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This law reaches the peak of sexism with its lack of provision against men who have a consensual sexual relationship with unmarried women or widows.

Men who belong to the above category are not prosecuted in the above law. It’s almost as if they are free to cheat on their wives with an unmarried woman or a widow, who are apparently, not any man’s property.

With such blatant sexism bleeding from the IPC, the law has been questioned many times, the recent being a few weeks ago. The supreme court has stated that the present adultery law treats women as “chattel”.

The Beginning Of The Change

Advocate Kaleeswaram Raj, appearing for the petitioner Joseph Shine, an Indian living in Italy, has scrutinized Section 497 of the IPC and has found many cracks in its appearance. The law in itself tends to treat women and men differently, he pointed out.

The lawyer also stands firm on his feet when he stated that he is not questioning the adultery law in itself as a method for seeking divorce for estranged couples.

The bench referred to the sanctity of marriage being compromised but also pointed out many inconsistencies in the law as a whole. The law fails to be gender neutral and does not uphold the equality of men and women.

Section 497, he said, is indirectly discriminatory of women as it brings to light that men need the “protection” of women. The fine line is blurred as most people tend to see that women need the protection of men and are considered to be their chattel. The patriarchal aspect of the law has not ceased to exist.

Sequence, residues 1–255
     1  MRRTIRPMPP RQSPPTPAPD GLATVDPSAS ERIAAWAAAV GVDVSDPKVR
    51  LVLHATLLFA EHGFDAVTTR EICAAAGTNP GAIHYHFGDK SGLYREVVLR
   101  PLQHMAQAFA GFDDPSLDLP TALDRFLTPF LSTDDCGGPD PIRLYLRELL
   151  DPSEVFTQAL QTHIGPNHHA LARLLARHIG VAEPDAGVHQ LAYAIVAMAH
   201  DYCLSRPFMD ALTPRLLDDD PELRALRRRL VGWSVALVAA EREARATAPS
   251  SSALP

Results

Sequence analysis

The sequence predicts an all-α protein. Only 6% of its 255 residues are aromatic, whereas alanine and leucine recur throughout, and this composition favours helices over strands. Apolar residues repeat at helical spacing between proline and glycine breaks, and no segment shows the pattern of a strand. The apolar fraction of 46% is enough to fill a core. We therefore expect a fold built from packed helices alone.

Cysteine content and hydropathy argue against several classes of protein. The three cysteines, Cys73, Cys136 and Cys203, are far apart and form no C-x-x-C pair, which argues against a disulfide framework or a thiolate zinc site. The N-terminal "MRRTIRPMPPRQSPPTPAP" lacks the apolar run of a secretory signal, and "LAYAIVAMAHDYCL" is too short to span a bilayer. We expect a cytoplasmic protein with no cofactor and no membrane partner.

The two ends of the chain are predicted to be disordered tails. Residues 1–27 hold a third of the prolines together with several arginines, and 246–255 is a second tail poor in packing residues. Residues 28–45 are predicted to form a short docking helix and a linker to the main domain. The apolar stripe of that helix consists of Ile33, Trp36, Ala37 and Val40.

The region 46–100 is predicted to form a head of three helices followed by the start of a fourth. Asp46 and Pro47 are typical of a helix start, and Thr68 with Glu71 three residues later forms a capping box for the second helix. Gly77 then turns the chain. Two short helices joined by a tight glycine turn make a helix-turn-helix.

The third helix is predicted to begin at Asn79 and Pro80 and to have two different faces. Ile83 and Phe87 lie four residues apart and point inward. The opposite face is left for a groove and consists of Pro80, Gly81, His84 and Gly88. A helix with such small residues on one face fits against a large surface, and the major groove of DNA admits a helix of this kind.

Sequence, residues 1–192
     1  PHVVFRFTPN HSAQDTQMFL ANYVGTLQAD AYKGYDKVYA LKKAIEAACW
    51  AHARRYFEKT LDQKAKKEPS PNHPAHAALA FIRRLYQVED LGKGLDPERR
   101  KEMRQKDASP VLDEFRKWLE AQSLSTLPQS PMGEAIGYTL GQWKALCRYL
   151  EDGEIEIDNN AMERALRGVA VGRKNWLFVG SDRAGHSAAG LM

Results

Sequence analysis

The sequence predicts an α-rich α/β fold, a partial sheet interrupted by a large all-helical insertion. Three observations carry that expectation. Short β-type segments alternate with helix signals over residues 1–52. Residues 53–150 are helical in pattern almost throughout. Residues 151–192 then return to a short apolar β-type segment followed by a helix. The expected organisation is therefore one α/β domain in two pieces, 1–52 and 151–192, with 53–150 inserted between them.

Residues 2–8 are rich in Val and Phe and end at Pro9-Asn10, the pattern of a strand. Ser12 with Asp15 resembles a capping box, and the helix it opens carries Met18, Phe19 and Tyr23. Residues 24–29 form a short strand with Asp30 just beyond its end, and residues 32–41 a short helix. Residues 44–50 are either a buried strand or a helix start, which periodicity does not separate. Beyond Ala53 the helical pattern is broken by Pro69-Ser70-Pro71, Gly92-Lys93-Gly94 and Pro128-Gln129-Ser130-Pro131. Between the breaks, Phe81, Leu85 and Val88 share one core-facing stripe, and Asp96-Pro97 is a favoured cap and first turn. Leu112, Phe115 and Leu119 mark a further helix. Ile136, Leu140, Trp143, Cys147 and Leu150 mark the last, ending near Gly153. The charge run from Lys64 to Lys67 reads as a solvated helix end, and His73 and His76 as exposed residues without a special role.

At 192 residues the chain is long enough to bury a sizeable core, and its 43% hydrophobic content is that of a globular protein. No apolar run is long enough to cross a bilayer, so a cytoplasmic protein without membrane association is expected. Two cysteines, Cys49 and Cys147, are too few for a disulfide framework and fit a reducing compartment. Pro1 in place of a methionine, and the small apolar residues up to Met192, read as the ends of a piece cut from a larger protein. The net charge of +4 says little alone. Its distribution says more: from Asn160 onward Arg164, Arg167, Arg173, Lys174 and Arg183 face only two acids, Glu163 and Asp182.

A woman cannot file a complaint against her husband if he enters into a form of consensual sexual relationship with the wife of another man, who has provided him with his consent. This is a clear discrimination as it impinged the sexual freedom of women and their equal say in terms of promiscuity and adultery.

The jurisprudence behind the adultery law is not only to uphold the sanctity of marriage and the bodily integrity of a woman’s body but also to protect a man’s control over a women’s sexuality and the fundamentals of the Hindu way of life of preserving women, land and cattle.

As talks over this law escalated, a five-judge Constitution bench was set up headed by Chief Justice Dipak Misra. This bench drew the difference between adultery being a civil wrong rather than a criminal offence.

The apex court has stated that “As far as criminalization or decriminalization of adultery as an offence is concerned, it is in one compartment. Adultery cannot cease to be a ground for seeking divorce by an estranged couple in a court of law.”

As arguments continue in the Supreme court, the next one dated 7th August 2018, we may encounter yet another instance of open sexism from the Indian Penal Code again. The laws are not quite in favour of women and we can only hope that the newly established five-member bench is going to help neutralize gender inequality and help reduce sexism in the nation.